Q&A With Forrester Analyst Brendan Witcher on the Future of Retail

By Manhattan Staff,
Q&A With Forrester Analyst Brendan Witcher

Manhattan Associates sat down with Forrester analyst, Brendan Witcher at a customer roundtable during NRF 2018 to discuss the future of retail and how to improve the customer experience.

What must a retailer prioritize today to win a customer’s loyalty and regain a competitive advantage in the market?

Too many retailers think of their stores as liabilities, when in truth they are assets. People ask me all of the time, “How do we beat pure plays?” Well, what have you got that pure plays don’t? You have stores! Learn to use them! Create value through them. Find ways to attract customers, and offer perceivable value that solves pain points in their path to purchase. The reality is this: the majority of retail shopping still occurs in physical stores, and as people are creatures of habit, it takes a lot to change their behavior. If a customer moves from offl ine to online shopping, it’s not because it feels natural to do so – it’s because a retailer has failed so badly to add value to the offl ine experience that online shopping is the only path the customer fi nds useful anymore.

How are retailers shifting their ways of thinking about the purpose of a physical store?

To use stores in a way that adds value to the customer, many companies are investing in things like buy online for in-store pickup, ship to store, ship from store, and even endless aisle or omnichannel returns. However, this is an evolution, not a revolution. Those aren’t Monday to Friday projects, so lots of companies are still in the early stages of launching them, let alone really optimizing them. Why are they making these investments? They’re doing so because it’s the objective of today’s leading retailer to transition its stores from places to shop into places to engage. Stores must be part of the equation. Think about this: 14 percent of consumers use buy online, pick up in store when the service is available, and e-commerce sales typically represent around 14 percent of a retailer’s sales. In other words, omnichannel shopping can be as popular as e-commerce shopping when both options are offered to customers.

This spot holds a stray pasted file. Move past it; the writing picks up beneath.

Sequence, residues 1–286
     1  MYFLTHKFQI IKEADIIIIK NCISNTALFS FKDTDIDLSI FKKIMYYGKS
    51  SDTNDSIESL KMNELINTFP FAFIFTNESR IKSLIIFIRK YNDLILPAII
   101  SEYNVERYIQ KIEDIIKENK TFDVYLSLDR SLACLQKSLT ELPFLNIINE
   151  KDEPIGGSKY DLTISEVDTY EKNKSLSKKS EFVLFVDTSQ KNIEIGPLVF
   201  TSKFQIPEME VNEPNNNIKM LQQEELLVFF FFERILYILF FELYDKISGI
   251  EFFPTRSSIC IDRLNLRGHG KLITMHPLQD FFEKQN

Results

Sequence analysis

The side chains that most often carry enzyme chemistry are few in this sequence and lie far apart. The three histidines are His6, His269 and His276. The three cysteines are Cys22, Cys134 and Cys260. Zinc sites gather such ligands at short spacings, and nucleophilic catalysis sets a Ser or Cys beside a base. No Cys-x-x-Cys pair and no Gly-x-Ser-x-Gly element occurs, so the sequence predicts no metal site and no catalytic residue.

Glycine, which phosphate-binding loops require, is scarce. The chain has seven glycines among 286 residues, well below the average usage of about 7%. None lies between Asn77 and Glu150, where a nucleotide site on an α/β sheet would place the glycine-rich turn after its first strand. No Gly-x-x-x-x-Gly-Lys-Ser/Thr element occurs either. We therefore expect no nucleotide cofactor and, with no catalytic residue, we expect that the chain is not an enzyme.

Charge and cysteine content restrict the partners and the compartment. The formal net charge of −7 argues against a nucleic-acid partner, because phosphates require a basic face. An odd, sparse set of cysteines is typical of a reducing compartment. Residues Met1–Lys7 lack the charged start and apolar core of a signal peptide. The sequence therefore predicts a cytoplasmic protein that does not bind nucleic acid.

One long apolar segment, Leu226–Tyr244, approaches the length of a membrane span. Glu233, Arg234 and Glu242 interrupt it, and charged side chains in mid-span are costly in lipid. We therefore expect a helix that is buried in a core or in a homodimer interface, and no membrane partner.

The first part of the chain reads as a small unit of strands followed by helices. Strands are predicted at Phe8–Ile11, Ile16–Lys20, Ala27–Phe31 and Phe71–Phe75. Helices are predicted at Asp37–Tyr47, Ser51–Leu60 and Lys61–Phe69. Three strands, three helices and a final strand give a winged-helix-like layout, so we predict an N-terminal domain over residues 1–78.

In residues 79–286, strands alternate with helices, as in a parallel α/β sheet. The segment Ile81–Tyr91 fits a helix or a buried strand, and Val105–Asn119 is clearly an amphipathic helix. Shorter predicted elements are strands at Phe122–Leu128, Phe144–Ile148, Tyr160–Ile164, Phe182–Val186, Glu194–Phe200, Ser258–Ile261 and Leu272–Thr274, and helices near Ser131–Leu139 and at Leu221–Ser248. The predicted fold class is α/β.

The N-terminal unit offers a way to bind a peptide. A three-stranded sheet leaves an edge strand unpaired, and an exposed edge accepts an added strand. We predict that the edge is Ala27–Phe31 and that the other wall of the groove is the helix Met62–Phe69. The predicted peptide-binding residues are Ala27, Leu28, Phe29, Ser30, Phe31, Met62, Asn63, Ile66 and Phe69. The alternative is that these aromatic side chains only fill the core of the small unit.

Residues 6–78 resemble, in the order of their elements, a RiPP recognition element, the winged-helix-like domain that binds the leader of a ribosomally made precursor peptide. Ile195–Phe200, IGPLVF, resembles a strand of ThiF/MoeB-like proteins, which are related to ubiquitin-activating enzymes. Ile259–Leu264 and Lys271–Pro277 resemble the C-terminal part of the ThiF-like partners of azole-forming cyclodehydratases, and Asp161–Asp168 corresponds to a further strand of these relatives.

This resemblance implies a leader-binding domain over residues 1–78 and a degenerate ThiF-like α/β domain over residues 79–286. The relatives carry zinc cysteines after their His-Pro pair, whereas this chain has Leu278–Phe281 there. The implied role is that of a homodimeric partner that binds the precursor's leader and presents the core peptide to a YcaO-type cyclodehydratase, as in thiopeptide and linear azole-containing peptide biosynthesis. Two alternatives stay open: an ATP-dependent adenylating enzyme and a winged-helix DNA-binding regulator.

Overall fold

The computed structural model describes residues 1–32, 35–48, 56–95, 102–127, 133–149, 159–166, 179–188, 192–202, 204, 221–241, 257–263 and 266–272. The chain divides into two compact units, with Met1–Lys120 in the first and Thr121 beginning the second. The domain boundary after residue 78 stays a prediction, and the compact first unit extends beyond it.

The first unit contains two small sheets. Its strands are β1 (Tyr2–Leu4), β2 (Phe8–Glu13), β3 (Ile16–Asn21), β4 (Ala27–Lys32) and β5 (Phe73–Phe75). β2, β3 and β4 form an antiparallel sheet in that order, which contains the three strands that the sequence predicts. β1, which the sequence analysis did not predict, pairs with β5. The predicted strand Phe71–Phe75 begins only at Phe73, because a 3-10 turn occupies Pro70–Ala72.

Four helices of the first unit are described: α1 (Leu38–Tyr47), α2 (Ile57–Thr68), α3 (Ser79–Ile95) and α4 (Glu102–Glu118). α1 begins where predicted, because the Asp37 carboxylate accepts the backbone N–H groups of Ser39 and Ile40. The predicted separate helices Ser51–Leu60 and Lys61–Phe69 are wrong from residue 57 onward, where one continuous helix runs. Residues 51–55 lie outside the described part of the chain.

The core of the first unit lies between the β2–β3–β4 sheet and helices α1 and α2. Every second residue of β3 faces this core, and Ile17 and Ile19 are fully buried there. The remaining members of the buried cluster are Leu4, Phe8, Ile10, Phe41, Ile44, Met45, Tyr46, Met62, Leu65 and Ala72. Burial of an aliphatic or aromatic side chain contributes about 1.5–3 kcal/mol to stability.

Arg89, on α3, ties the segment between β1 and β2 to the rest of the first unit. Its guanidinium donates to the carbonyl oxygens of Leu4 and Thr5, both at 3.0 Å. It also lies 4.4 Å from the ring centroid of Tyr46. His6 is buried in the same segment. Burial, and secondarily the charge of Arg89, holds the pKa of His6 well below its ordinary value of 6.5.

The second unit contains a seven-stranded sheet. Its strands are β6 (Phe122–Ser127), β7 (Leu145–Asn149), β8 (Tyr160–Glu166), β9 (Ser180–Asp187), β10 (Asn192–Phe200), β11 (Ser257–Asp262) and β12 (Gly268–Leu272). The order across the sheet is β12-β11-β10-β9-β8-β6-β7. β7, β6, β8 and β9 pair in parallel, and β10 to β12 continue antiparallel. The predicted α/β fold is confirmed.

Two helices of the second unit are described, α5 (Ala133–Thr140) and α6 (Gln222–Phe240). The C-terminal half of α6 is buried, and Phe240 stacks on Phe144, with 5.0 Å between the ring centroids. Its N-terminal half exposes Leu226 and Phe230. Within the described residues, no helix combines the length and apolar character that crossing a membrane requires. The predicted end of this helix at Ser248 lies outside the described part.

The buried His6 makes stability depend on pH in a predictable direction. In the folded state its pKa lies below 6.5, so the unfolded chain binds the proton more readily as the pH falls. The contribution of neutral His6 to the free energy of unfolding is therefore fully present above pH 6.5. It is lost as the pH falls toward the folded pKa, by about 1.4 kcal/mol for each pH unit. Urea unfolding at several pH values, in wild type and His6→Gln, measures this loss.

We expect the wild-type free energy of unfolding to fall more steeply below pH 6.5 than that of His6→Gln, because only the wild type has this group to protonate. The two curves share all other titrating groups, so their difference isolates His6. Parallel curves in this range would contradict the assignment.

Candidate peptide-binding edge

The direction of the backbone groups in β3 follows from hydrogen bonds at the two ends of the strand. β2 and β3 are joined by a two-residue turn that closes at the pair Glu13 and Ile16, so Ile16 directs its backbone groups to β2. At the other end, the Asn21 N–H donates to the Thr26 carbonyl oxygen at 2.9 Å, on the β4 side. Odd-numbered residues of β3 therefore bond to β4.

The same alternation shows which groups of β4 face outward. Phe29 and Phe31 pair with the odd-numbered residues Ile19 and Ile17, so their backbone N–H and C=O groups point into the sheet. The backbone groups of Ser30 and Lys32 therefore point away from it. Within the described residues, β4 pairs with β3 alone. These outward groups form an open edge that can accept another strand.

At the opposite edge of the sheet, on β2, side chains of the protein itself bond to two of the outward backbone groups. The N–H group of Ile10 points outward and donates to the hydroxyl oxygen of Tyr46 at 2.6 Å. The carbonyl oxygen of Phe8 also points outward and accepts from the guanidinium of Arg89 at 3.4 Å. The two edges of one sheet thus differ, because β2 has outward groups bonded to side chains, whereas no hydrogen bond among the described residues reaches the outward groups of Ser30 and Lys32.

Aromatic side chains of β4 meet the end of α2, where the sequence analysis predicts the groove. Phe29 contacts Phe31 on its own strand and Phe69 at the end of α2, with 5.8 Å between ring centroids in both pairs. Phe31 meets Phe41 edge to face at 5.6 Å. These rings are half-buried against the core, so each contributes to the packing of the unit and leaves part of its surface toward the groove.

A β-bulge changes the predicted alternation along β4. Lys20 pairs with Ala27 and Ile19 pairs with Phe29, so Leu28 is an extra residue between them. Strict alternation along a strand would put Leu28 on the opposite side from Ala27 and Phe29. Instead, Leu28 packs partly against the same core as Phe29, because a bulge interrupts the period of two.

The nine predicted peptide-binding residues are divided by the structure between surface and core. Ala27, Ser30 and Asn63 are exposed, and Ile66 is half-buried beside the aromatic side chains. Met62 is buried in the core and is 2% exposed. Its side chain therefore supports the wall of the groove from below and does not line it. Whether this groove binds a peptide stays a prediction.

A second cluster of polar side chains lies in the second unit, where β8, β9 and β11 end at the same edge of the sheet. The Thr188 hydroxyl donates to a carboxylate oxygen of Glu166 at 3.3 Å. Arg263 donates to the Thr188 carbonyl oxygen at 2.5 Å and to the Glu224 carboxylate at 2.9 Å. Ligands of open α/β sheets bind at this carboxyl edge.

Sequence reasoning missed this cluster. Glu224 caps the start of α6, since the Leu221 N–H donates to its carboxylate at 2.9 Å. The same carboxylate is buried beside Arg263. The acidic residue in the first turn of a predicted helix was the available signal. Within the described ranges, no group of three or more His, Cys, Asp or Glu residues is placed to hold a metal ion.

What impact does the billboard effect – having a store in a local community – have on consumer behavior?

We find that many customers choose to buy online from a retailer because the retailer offers the option to return an item to a local store. What happens when a retailer closes that local store? Guess what. You just got rid of the reason customers were buying online from you in the first place. It’s that connectivity between these things and understanding that nobody wakes up in the morning and says, “I’m an online shopper for the rest of my life!” We’re not like that. We buy the way that works for us that day. Sometimes it’s in a store…sometimes it’s online. It’s important to understand the shopping journey for customers today is rarely single channel. It is omnichannel, it is cross-channel, and shoppers are looking for value to be delivered at every step along the way.

What’s the biggest area of opportunity for the store?

Building experiences around the customer - I started to look at this topic in 2014, and since then it has surprised me how many retailers still fail to optimize experiences within the omnichannel shopping journey. For example, I’m amazed how many retailers have combined their in-store pick up location with their service desk! Imagine a customer standing in line at the service desk to pick up an online order, waiting behind someone returning a bunch of items, watching customers walk into aisles, grab items, go through the checkout line and then walk out of the door. What is that customer going to think? Likely, the customer is going to feel like a chump – like a fool for using a buy online, pick up in store service. And guess what happens next? The customer never uses buy online, pick up in-store again. And unfortunately for that retailer, in the reporting it looks like the customer tried it but didn’t like it. No, the customer tried it, and you messed it up by creating a negative experience, and now the customer is going to find somebody else who delivers that experience properly!

How important a role does tech play in a successful omnichannel program?

Culture and organizational changes are usually the most difficult things to adjust when going from multi-channel to omnichannel as a retailer, but tech is probably the biggest thing to focus on when it comes to improving the store’s omnichannel capabilities. Why? Because the misconception about tech is that all a retailer needs is a way to route orders to a store. But when a retailer builds a warehouse, for example, it puts millions of dollars of technology into that warehouse, right? Sending orders to a store and suddenly calling it a mini-warehouse isn’t practical or realistic! That’s not how it works! Retailers need to put digital tools in store associates’ hands for service, picking, packing, and shipping, and they need to provide proper labor management for that store to operate effectively and efficiently as a warehouse would.